Also known as Mauna Kea, Kaunaʻoa is a rather small (500 m/1.500 ft), almost perfect crescent shaped beach shaded by palm trees that face the Northwestern immensity of the Pacific Ocean.
Kauna’oa Bay is quintessential postcard Hawaii.
You will find everything you can imagine in a tropical Hawaiian paradise on this fabulous beach, which preserving all its natural charm offers you the comforts that a grand resort can offer.
A family beach and the Kohala Coast favorite, it has good access to facilities and offer good snorkeling during the calm summer months.
Where is Kauna'oa Beach located?
Kauna’oa beach is located in the Kona District on the west coast of Big Island, 35 km/22 mi north of Kona international airport.
How to get to Kauna'oa Beach?
To know before arriving at Kauna'oa Beach.
The beach is public but free parking is limited, so to avoid waiting for an empty spot or paying $40 for valet parking, get there early!
Things to do around Kauna'oa Beach.
Out at Sea
The Kona coast is home to Manta Rays, Spinner Dolphins, Tiger, Oceanic Whitetip & Hammerhead sharks. You can snorkel or scuba dive with them, the manta tours usually are at night. The Kona coast is protected from the dominant winds by mounts Mauna Loa (4.169 m/13.677 ft) and Mauna Kea (4.207 m/13.802 ft), so calm sea conditions are the norm. Whales watching is another big activity in Kona, especially when Humpback Whales migrate to the area to mate and give birth (November to May). If boats are not your things, you can still watch the whales from land, with a bit of luck, from Puukohola Heiau National Historic Site. Its actually not the only place for land whale watching, but we suppose it got its name (puu: hill, kohola: whale) for a good reason! The rest of the year there is still the possibility to see the occasional Pilot, Sperm or Beaked Whales.
If you like stargazing, you can do so from the highest volcano in Hawaii, the Mauna Kea. We recommend, however, to watch the skies from the visitor center instead of the summit because the lack of oxygen at the top (4.207 m/13.802 ft) is likely to blur your vision. Another reason is that the summit, the first-born child of Earth Mother, Papahanaumoku, and Sky Father, Wakea, is kapu (taboo, off-limit) to native Hawaiians. Whether you go on your own or book a tour, remember to bring a jacket; scuba divers should wait 24 hours after their last dive before going up.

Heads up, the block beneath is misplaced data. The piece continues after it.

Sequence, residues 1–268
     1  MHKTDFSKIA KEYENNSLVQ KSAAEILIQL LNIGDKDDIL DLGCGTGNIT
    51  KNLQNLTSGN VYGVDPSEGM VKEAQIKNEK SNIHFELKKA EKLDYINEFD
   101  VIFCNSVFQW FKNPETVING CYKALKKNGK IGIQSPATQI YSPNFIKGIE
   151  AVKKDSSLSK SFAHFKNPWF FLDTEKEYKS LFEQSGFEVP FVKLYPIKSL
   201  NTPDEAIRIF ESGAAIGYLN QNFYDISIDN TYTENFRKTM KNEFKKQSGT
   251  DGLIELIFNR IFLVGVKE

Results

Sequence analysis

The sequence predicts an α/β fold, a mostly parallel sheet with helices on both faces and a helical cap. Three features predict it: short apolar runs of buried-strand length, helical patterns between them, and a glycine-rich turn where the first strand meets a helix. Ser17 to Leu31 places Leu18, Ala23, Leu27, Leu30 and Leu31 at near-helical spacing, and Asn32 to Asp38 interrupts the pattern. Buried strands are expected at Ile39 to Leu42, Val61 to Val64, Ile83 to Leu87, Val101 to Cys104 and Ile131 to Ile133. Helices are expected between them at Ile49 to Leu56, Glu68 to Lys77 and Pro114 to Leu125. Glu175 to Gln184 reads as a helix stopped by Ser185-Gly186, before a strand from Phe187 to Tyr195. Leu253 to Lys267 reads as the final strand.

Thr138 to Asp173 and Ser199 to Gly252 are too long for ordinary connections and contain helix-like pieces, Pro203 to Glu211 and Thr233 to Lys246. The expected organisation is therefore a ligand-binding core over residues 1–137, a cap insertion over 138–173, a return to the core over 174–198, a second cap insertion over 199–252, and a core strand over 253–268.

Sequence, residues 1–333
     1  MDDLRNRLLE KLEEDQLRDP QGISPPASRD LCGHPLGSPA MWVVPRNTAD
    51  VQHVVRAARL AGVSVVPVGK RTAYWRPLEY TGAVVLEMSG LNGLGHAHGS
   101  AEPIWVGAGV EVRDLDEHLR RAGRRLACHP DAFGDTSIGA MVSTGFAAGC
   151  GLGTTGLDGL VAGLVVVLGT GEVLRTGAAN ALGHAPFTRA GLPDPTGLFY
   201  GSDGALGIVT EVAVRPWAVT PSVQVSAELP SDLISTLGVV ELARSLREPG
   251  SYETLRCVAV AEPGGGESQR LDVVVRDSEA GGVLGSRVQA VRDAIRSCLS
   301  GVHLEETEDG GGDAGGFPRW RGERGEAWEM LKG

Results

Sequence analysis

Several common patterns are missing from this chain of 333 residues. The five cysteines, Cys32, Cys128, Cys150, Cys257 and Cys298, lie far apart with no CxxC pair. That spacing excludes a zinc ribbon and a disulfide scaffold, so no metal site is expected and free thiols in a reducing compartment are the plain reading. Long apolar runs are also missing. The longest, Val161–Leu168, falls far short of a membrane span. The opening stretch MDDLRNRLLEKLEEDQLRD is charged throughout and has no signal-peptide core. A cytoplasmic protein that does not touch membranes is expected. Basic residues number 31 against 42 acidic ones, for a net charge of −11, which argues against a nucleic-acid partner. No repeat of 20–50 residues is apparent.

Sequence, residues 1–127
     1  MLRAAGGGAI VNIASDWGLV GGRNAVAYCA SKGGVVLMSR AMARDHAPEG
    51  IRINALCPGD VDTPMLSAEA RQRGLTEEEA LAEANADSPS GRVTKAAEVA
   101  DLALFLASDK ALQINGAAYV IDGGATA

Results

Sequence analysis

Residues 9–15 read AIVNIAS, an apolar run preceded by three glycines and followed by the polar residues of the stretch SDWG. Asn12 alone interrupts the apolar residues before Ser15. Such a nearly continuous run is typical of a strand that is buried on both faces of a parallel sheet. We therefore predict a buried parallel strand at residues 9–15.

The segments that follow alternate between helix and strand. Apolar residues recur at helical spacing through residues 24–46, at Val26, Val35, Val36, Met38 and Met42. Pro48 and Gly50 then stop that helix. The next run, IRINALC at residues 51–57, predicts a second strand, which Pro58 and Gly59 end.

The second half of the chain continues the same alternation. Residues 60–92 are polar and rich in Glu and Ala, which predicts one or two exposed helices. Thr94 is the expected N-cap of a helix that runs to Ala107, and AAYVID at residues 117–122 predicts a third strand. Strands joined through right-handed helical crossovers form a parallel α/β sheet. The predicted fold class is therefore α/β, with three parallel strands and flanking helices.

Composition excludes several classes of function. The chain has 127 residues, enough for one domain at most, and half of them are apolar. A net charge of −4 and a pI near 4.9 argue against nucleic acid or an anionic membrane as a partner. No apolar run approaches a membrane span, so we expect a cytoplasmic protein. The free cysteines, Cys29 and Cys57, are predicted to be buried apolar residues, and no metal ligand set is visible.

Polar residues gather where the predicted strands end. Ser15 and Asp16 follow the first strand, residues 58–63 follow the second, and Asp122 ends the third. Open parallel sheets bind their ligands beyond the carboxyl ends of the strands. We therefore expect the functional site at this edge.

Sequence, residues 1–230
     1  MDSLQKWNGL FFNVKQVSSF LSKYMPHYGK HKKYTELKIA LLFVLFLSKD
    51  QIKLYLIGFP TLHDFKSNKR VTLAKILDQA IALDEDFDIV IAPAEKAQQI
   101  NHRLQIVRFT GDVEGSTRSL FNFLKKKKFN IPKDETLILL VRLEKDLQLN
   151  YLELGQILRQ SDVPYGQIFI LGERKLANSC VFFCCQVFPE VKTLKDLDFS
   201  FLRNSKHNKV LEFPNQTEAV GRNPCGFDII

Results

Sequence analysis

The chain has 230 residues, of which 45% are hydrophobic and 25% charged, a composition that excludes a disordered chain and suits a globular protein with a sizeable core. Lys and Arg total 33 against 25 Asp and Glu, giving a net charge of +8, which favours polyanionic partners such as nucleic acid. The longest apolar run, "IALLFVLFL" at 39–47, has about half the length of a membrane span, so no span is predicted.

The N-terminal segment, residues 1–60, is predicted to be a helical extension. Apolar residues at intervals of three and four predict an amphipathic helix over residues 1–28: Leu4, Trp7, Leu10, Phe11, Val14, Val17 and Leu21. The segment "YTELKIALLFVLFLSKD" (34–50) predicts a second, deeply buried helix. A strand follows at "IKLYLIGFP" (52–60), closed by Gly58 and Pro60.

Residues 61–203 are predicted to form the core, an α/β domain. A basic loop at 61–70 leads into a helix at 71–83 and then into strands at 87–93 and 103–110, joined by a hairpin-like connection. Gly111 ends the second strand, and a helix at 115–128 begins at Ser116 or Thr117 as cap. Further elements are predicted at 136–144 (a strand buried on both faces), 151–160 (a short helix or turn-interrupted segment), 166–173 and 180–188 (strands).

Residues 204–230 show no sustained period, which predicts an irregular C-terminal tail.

Popular surf spots in Kona are Kahalu’u (good for beginners), Pine Trees (can be crowded), or Banyans (experienced surfers only).
Visit a Chocolate, Vanilla or Coffee Farm.
Hawaii is a great producer of coffee, chocolate and vanilla, and they have several guided tours to visit their farm and taste their products. Enjoy!
Night Dive with Manta Ray in Kauna'oa, Kona. The Most Memorable Dive on the Planet.
All the dive operators in Kona organize night dives with the giant mantas, and Kauna’oa is one of the best and most reliable place in the world to see them. Kona manta rays can be up to 5 meters in wingspan and weigh almost 900 kilos! On any given night, you will be able to see several of these fantastic plankton feeding creatures, as they gravitate towards the bright lights that the Mauna Kea resort points at the bay. Watching these giants whirl around mouth wide opened for their evening dinner is beyond words, and should not be missed, and is not reserved to scuba divers, you can assist to this otherworldly show snorkeling or even from above the water, on a concrete platform at the north end of the beach.
Mauna Kea "the Highest Mountain on the Planet"
The Hawaiian Mauna Kea volcano is part of Hawaiian–Emperor seamount chain, that stretches 6.200 km/3.900 mi from the Aleutian Trench off the Kamtchaka peninsula, Russia, to Lo’ihi seamount, a submerged volcano 35 km/22 mi southwest of Hawaii island. Considering that the Hawaiian–Emperor seamount chain sits at a depth 0f -6.000 m/-19.685 ft, Mauna kena has a whooping total height of 10.207 m/23.585 ft dwarfing mount Everest and its 8.849 m/29.032 ft